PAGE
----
I fully acknowledge that humor is not a cure-all. If you’re experiencing an abusive work situation (as opposed to a “merely” unpleasant or dysfunctional one), then this suggestion probably isn’t for you. Humorous distractions are of limited value if you’re feeling targeted or mistreated. Also, while a good laugh or three may be a salve for a bad workplace, it’s not a fix for the situation itself.

But maybe, just maybe, that LOL movie may be enough to put you in a better mood. It sure does beat the opposite.

Funny (or not so funny) searches that led people to my blog


Indirect path to my blog!

The WordPress software that powers this blog provides bloggers with lists of searches that led readers to find us, and I thought it might be a humorous diversion to share a few with you today.

Before I start, let me offer a HUGE reassurance: WordPress does NOT supply identities of. or links to, those who do a search, nor would I be interested in such a function if it was available. Also, I’ll omit any of the endless combinations of searches related to workplace bullying, employment law, etc. Given my work over the past decade, those searches should come as no surprise.

Here goes, with my annotations:

“workplace” — I guess I should be happy that this search actually led someone to this blog!

“pressure to conform to societal expectations to become a lawyer” — Alas, a lot of law students are in law school for this very reason.

“lawyers are horrible people” — I’m not taking it personally. Wonder if it’s the person above, having succumbed to those pressures.

“what free series no account” — Huh?

“inner child in the workplace” — We need more of these.

“Amazon.com quick customer response” — Sheez, I’ve written about Amazon a few times, but enough that this search would lead here?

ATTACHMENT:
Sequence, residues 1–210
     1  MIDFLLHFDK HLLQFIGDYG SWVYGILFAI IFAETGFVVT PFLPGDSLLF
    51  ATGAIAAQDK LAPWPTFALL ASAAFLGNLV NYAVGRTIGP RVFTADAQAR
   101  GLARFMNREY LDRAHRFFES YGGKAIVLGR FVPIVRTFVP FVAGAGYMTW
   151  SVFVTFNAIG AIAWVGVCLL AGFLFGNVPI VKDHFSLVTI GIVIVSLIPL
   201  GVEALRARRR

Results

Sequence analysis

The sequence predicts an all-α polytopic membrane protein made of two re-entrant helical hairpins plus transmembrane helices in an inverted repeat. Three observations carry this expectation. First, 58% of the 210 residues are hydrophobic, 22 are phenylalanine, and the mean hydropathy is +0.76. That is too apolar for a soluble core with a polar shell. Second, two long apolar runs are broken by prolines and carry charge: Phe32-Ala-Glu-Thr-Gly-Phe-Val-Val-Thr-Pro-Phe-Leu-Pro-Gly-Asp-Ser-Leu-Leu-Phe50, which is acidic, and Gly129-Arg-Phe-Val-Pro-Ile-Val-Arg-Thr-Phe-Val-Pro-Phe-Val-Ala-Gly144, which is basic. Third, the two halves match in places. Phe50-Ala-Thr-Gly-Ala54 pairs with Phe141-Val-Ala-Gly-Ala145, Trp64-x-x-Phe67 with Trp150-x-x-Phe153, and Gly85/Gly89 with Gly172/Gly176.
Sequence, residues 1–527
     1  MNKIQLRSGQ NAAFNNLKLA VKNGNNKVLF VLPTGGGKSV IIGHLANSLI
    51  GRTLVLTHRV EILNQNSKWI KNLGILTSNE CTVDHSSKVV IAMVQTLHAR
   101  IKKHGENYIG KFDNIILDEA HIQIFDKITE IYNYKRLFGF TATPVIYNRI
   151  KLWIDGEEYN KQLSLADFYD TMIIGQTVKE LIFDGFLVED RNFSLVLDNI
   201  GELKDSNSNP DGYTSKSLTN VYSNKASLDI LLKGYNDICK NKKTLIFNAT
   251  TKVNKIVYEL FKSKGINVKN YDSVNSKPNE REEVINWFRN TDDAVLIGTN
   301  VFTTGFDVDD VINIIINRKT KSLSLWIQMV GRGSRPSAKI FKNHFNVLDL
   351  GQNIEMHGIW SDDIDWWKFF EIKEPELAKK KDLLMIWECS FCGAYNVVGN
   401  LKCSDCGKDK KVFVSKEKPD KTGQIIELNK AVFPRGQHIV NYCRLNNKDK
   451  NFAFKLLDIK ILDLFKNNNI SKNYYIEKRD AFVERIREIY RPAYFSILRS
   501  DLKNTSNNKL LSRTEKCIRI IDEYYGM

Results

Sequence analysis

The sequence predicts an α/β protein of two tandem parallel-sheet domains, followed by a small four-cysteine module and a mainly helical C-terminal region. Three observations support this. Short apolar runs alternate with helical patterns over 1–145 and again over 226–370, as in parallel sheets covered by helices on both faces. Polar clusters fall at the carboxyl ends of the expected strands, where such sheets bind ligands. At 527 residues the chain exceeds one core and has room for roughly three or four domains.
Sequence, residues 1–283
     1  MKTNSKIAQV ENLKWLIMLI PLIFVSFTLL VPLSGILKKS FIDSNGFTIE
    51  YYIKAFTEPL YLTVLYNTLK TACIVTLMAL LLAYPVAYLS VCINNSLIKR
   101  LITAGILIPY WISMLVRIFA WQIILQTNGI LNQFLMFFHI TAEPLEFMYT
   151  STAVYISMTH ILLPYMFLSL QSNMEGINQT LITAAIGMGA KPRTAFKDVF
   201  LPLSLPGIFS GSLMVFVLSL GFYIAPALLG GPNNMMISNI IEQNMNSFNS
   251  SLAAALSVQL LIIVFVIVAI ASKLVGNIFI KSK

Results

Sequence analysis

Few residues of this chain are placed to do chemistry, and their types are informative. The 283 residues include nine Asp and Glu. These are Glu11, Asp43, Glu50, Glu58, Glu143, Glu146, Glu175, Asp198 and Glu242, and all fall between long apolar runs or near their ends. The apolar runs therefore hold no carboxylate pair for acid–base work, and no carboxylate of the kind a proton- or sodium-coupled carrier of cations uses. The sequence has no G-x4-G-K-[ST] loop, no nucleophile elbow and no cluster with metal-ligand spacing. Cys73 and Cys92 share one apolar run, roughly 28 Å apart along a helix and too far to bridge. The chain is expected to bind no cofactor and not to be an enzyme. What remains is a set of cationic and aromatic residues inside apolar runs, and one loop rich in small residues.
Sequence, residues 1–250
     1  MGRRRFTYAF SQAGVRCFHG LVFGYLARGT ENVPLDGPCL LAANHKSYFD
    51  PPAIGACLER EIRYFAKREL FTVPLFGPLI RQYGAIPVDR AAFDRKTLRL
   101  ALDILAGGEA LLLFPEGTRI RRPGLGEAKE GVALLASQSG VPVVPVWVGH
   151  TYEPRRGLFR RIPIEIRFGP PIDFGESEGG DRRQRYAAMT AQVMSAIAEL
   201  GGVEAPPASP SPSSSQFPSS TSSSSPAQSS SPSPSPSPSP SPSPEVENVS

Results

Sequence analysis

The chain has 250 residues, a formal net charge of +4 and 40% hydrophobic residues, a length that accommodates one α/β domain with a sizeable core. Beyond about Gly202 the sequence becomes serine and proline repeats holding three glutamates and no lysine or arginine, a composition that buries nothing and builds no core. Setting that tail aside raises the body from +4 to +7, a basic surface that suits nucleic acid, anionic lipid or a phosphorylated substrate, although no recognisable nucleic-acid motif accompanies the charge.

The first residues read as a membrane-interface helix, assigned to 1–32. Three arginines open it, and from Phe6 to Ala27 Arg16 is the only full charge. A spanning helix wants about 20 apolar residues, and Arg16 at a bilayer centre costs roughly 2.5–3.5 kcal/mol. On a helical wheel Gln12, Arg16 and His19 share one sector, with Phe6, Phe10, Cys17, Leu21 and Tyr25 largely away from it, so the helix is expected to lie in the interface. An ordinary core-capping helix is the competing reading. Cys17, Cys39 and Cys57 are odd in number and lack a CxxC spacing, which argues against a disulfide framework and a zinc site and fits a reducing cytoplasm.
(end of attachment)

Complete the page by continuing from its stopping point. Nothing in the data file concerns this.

“funny pictures of bad employers and employees” — They rarely allow themselves to be photographed.

“post-blam med school” — An M.D. will have to explain this one to me!

“butterfly effect Stephen King” — Wow, one post mentioning King’s 11/22/63 led someone here.

“David Yamada salary” — A sugar baby must’ve been getting desperate. I hope she stopped by long enough to read a few posts.

It’s “movie night” for WBI University: A short review of “Horrible Bosses”

Attendees of the latest WBI University — the intensive, small group, 3-day training and education seminar about workplace bullying led by Drs. Gary and Ruth Namie — took the night off to screen the opening of “Horrible Bosses,” the new comedy about three hapless guys who conspire to kill their bullying and harassing bosses.

“Horrible Bosses” stars Jason Bateman, Charlie Day, Jason Sudeikis as the unhappy office workers, Jennifer Aniston, Colin Farrell, and Kevin Spacey as the horrible bosses, and Jamie Foxx as the would-be assassin.

I’d say this is our general consensus review: “Horrible Bosses” is funny, clever, and unexpectedly raunchy. It is not, however, a particularly brilliant or insightful send-up of workplace bullying and related behaviors.

Some of us in the workplace bullying movement had hoped that this movie — with its mega-publicity and star power — might serve as a humorous consciousness-raising vehicle. Alas, the movie is too over-the-top in a Hollywood, R-rated sense to serve that purpose.

Especially if you don’t mind crude language and overgrown fraternity house humor (okay, I found myself howling with laughter at times), you may find this movie a fun diversion. It won’t teach you a lot about the complex dynamics of workplace bullying, but it will make it easier to forget a lousy day at the office.

Video: Hopefully Sid Citrus is Not Your Boss!

Orange Rebel Productions is producing a very funny online video series, “Sid Citrus: Asshole Boss,” in conjunction with The People Group, a workplace consulting firm led by Kevin Kennemer, a friend of this blog.  Here’s the announcement from Kevin’s blog, Chief People Officer:

Orange Rebel Productions today announced the launch of a new comedy web series, Sid Citrus: Asshole Boss, in partnership with inaugural corporate sponsor, The People Group. “Sid’s goal in life is to be universally acclaimed by his peers as the King of all corporate assholes. Sid Citrus already stands head and shoulders above every other jerk boss out there,” laughs writer-director Fred Emmer. “Or rather I should say, he floats.” Sid Citrus is an orange. A floating, philandering orange to be exact, who wears a tie, including Saturdays. And he’s not very nice.

Sid Citrus on YouTube: http://www.youtube.com/sidcitrus

Kevin Kennemer’s post:  http://thepeoplegroupllc.com/2009/06/video-series-sponsored-by-the-people-group-premiers-on-youtube-sid-citrus-asshole-boss/